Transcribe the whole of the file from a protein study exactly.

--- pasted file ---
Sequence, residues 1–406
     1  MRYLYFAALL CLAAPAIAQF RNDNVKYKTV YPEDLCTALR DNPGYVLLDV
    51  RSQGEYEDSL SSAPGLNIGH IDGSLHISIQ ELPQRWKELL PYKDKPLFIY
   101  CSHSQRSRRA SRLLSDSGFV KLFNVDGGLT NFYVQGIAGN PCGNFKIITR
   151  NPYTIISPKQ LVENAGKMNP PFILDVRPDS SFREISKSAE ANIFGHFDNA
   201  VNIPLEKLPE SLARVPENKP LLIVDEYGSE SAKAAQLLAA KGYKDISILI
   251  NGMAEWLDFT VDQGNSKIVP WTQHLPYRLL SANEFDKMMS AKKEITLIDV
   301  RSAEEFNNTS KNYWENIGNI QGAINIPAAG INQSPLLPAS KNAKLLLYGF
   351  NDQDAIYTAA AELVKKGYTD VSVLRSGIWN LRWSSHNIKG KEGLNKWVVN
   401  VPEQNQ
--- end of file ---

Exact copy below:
Sequence, residues 1–406
     1  MRYLYFAALL CLAAPAIAQF RNDNVKYKTV YPEDLCTALR DNPGYVLLDV
    51  RSQGEYEDSL SSAPGLNIGH IDGSLHISIQ ELPQRWKELL PYKDKPLFIY
   101  CSHSQRSRRA SRLLSDSGFV KLFNVDGGLT NFYVQGIAGN PCGNFKIITR
   151  NPYTIISPKQ LVENAGKMNP PFILDVRPDS SFREISKSAE ANIFGHFDNA
   201  VNIPLEKLPE SLARVPENKP LLIVDEYGSE SAKAAQLLAA KGYKDISILI
   251  NGMAEWLDFT VDQGNSKIVP WTQHLPYRLL SANEFDKMMS AKKEITLIDV
   301  RSAEEFNNTS KNYWENIGNI QGAINIPAAG INQSPLLPAS KNAKLLLYGF
   351  NDQDAIYTAA AELVKKGYTD VSVLRSGIWN LRWSSHNIKG KEGLNKWVVN
   401  VPEQNQ